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Stephen O'Connor

By: Stephen O'Connor on March 29th, 2016

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5 Steps to Building a Successful Patient Relationship

Healthcare Advice

 Successful Patient RelationshipIn a busy practice, you may get so far behind in finishing tasks that you give less attention and time to your patients than you’d prefer. The key to a thriving practice is to make sure you develop a good rapport between staffers and patients.

To help you improve the situation, here are five steps to building a successful patient relationship that you can start taking today.

1. Cultivate a Better Bedside Manner

Deep down, you may already know whether you have a good bedside manner or if your interpersonal skills could stand some improvement. Developing and maintaining good relationships with your patients involves being compassionate and mindful that they may be scared or confused and need some reassurance. 

Your knowledge of the body, what can go wrong with it and the treatment options at your disposal will be used more effectively when patients feel comfortable with you during each encounter. 

Medical professionals who put up a wall are trying to avoid getting too attached to patients because they must remain objective to treat them properly, and that’s quite understandable. Unfortunately, if you show little ease and compassion, patients may feel inhibited and won’t provide you with all the information you need to make your best diagnosis.

2. Tell the Truth

It’s important to be honest with your patients. Misleading them into thinking they have a better chance of recovery than the facts of the situation seem to suggest is not going to help them or you in the long run. 

The truth can often hurt, but doctors need to be truthful about changes patients must make to get healthy as well. If you have a morbidly obese patient but decline to bring up the host of medical issues that can result from being overweight, you are withholding the truth. If they smoke and you ignore this fact to avoid a confrontation, you miss an opportunity to help them dramatically improve their cardiovascular health.

3. Allow Sufficient Time for Each Encounter

If you budget just a few minutes to see a patient when the situation clearly requires a bit more time, relationships can sour quickly. Make sure the staff is careful about how much time they allocate to each encounter. 

If you are still feeling pressed for time, it could be a sign that you need to take on additional staff, or at least examine your basic processes to see if there any inefficiencies you can correct.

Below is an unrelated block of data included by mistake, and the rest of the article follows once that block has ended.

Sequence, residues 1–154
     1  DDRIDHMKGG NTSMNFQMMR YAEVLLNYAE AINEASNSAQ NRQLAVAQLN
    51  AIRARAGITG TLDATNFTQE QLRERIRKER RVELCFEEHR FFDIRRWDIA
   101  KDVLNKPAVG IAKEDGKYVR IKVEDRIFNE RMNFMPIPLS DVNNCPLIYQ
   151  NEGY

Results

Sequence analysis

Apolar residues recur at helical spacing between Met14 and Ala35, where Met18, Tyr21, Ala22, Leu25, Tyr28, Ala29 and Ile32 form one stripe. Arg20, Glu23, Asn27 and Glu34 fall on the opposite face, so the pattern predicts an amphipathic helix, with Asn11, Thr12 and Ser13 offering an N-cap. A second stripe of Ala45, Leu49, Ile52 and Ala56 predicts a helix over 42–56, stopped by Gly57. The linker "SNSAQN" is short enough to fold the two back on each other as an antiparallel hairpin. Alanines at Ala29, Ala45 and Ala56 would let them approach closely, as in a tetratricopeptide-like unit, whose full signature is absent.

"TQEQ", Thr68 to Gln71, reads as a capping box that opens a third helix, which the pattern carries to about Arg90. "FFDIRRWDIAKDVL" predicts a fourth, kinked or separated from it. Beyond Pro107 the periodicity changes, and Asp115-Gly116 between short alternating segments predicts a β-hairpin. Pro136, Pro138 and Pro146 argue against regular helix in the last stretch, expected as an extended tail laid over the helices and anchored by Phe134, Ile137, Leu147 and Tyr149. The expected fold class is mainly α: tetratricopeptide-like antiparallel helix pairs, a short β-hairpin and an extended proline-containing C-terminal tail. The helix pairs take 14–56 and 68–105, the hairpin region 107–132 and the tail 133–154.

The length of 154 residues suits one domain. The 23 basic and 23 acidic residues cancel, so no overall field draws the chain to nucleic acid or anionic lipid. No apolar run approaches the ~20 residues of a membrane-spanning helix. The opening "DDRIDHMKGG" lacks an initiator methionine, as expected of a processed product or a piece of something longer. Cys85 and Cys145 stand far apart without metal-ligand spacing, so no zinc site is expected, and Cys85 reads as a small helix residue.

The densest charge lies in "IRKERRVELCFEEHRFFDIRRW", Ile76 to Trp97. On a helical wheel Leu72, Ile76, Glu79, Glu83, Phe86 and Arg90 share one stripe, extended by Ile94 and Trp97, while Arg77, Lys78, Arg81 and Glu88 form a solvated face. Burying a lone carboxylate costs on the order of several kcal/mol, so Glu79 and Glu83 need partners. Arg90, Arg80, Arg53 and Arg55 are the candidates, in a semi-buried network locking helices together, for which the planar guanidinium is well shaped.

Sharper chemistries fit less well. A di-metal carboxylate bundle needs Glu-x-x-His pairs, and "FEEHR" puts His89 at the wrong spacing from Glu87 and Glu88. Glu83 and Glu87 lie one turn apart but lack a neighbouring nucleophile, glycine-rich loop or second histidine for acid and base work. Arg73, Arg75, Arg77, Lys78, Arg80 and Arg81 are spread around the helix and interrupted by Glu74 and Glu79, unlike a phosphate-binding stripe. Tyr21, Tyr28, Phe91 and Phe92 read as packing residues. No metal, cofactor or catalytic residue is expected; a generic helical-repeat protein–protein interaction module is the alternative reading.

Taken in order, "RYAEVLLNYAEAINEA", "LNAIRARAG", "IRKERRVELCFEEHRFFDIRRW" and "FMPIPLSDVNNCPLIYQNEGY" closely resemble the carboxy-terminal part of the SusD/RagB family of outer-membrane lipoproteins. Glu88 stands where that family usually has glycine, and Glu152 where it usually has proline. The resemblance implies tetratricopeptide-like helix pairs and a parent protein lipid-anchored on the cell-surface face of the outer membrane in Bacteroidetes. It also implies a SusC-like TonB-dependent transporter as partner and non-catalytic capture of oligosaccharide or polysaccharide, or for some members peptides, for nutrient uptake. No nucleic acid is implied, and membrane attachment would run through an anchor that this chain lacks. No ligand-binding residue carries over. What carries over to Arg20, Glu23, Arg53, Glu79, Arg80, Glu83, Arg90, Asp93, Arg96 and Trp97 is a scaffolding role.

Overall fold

4. Watch Your Body Language

The stance you maintain and the way you hold your arms or even the way you walk into a room can speak volumes about your attitude toward patients. Folding your arms can make you look defensive and this may be off-putting to a patient who is feeling vulnerable and exposed, for example.

Attend a seminar or read a book on body language to ensure you express yourself in a way that is conducive to making patients more comfortable.

5.  Give Patients Freedom with a Patient Portal

One of the major complaints that people have about doctor appointments is having to fill out redundant paperwork, such as writing in their name, contact person and a list of medications they’re currently taking on more than one intake form.

If you deploy a patient portal in your electronic health record application, you give patients more convenience. They can sign in to the portal before their first visit, typing in their information just once.

The portal also lets them do things like contact the staff (such as to ask a quick question about a new medication) or to get the results of a recent lab test. By offering a patient portal, you show that you value their time and this will definitely improve the relationship.

Satisfied patients are the lifeblood of your medical practice. When patients don’t feel they have a good relationship with doctors and nurses in your facility, they may be less inclined to recommend your services to their friends and family. This can lead to a decline in business, so it’s in your best interest to take all necessary steps to improve the relationships between your medical professionals and the patients.

Key Takeaway

  • Building a successful patient relationship takes time and effort, so don’t think it will happen over night.
  • Improve your bedside manner as needed so your patients will feel more comfortable with you.
  • A patient portal with your EHR will please your patients because it saves them time and makes it easier to get information from the staff.
  • Make sure you budget enough time for each encounter so patients don’t feel rushed.
  • Your body language speaks volumes about your disposition. Take care to improve body language so you don’t appear closed off.

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About Stephen O'Connor

As a Director of Digital Marketing at Advanced Data Systems Corporation, Stephen spends his day's planning, writing, & designing resources for the modern healthcare professional. He has a strong affinity for snow crab legs, the ocean, and Rutgers Football.